NEEP602 Course Notes (Fall 1996)
Resources from Space

Extraction Techniques-Oxygen From Lunar Material

Lecture 20

Professor G. L. Kulcinski

March 6, 1996

Oxygen is one of the most valuable resources in space outside of the fusion fuel, 3He. It is used for life support, propulsion and for producing electricity in fuel cells.

An example of how one might use oxygen in conjunction with the extraction of SWV's is shown in the next 3 figures. The basic idea is that instead of removing the hydrogen from the output stream of a lunar miner, such as that described in Lecture 19, one could recycle the hydrogen to increase the water production from ilmenite heated to ~ 700 oC. Once enough water is produced and the oxygen extracted by electrolysis, the fuel cycle loop can be closed and all of the hydrogen generated by the miner can be removed for use elsewhere. See the 3 figures below for more details (Kulcinski et al., 1996).

Remember that there is plenty of oxygen on the Moon (e.g., 42% of the Moon is oxygen)

There have been at least 20 different ways proposed and tested experimentally, to produce oxygen from lunar material. See Taylor and Carrier (1993).

Another way to look at this area is with respect to the feed stocks or host material best suited to each of the proposed extraction processes.

The solid/gas reduction concept relies on the chemical removal of oxygen from an oxide. Remember that some oxides, such as CaO, have very strong bonds, while other oxides such as FeO have weak bonds.

The use of hydrogen to reduce ilmenite for the production of lunar oxygen was first proposed in 1979.

The Carbotek Company has patented a process for the extraction of lunar hydrogen (see Gibson and Knudsen, 1990).

The yield of oxygen from lunar soils is strongly dependent on the initial Fe content.

Lunar glass may be one of the best sources of oxygen.

The release of oxygen from lunar volcanic glass is quite rapid and temperature dependent.

Carbon compounds can also be used to extract oxygen from lunar materials.

Another promising method for oxygen extraction is from molten silicates.

There are many other useful products that can be derived from the Molten Silicate Process.

The Fluxed Molten Silicate Process can produce oxygen more efficiently at lower temperatures.

The Vapor Phase reduction process utilizes temperature from 2,000 to 10,000 oK.

Plasma separation processes rely on the fact that metals remain ionized at lower temperatures than non-metals.

The majority of lunar oxygen producing schemes require between 20-50 kWh/kg of oxygen collected.

The ilmenite-based processes require the highest mass throughput and highest power consumption.

The conclusion that one comes to is that there are many ways to produce oxygen from lunar material. These processes can be tested on Earth and narrowed to a select group for eventual testing on the Moon.


Allen, C. C., Morris, R. V., and McKay, D. S., 1994, "Experimental Reduction of Lunar Mare Soil and Volcanic Glass", J. Geophysical. Res., Vol. 99, No. E11, PP. 23,173-23, 185, Nov. 25, 1994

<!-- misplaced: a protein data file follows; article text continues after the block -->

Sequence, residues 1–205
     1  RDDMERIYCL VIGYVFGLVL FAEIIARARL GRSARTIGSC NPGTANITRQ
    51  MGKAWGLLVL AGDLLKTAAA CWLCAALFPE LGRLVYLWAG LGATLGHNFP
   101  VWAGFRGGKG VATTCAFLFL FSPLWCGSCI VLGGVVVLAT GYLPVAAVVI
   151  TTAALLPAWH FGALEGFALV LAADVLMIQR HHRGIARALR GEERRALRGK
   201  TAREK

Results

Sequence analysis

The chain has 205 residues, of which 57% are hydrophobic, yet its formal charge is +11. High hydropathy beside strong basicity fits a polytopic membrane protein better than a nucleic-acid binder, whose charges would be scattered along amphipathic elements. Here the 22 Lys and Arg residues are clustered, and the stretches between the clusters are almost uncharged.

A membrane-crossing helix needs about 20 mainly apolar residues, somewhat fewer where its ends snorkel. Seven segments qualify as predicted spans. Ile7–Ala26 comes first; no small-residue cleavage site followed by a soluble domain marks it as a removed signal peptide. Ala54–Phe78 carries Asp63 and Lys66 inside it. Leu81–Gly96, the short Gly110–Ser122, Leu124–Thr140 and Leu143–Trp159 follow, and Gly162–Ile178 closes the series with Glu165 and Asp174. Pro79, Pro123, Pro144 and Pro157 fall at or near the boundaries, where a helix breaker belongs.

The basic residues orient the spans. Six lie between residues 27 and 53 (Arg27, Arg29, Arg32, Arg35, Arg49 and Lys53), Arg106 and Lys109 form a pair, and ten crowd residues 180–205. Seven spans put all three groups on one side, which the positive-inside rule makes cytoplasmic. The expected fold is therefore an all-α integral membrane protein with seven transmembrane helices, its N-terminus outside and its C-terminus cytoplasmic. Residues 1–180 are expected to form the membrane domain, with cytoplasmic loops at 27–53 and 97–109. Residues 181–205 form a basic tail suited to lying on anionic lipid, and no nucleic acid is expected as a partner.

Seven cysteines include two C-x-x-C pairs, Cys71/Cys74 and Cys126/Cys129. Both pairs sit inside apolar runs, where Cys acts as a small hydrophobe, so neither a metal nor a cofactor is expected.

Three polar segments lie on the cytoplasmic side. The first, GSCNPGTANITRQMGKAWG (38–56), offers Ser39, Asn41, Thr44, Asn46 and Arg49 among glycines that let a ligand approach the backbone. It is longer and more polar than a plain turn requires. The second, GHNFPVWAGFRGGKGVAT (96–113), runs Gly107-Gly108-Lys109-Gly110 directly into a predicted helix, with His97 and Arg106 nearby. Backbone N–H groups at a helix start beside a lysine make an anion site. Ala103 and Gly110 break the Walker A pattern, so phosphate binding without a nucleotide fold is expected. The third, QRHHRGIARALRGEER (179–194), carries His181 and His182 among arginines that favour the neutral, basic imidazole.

Burt, D. M., 1988, "Lunar Mining of Oxygen Using Fluorine", p. 423 in The Second Conference on Lunar Bases an Space Activities of the 21st Century, ed., W. W. Mendell, NASA Conference Publication 3166, 1988

Carroll, W. F., 1983, "Research on the Use of Space Resources", Jet Propulsion Laboratory Doc. JPL-83-36 (1983)

Gibson, M. A., and Knudsen, C. W., 1990, "Lunar Hydrogen Recovery Process", United States Patent 4,938,946, July 3, 1990.

Kulcinski, G. L., Sviatoslavsky, I. N., and Wittenberg, L. J., 1996, "Impact of Lunar Volatiles Produced During 3He Mining Activities" , Univ. of Wisconsin Report UWFDM-1001, January, 1996.

Mason, L. W., 1992, "Beneficiation and Comminution Circuit for the Production of Lunar Liquid Oxygen (LLOX)", p. 1139 in SPACE '92, eds., W. Z. Sadeh, S. Sture, and R. J. Miller, American Soc. of Civil Engrs., NY, 1992

McKay, D. S., and Allen, C. C., (1996), Hydrogen Reduction of Lunar Materials for Oxygen Extraction on the Moon", Amer. Inst. Aeronautics & Astronautics paper AIAA 96-0488, presented at the 34th Aerospace Sciences Meeting in Reno, NV, Jan. 15-18, 1996.

Taylor , L. A., and Carrier, W. D. III, 1993, "Oxygen Production on the Moon: An Overview and Evaluation", p. 69 in Resources of Near-Earth Space, eds.,

J. Lewis, M. S. Matthews, and M. L. Guerrieri, Univ. of Arizona Press, Tucson, AZ (1993)

Steurer, W. H., 1982, "Extraterrestrial Materials Processing", Jet Propulsion Laboratory Doc. JPL-82-41 (1982)

Williams, R. J., McKay, D. S., Giles, D., and Bunch, T. E., 1979, "Mining and Beneficiation of Lunar Ores", p. 275 in Space Resources and Space Settlements, NASA SP-428

Representative Questions

1.) Why are the methods which use aqueous solutions for extracting oxygen from lunar materials not favored on the Moon?

2.) If the Magma Electrolysis process requires the least amount of energy per kg of oxygen obtained, why is it not the most favored process?

3.) What are the advantages and disadvantages of the plasma pyrolosis process?

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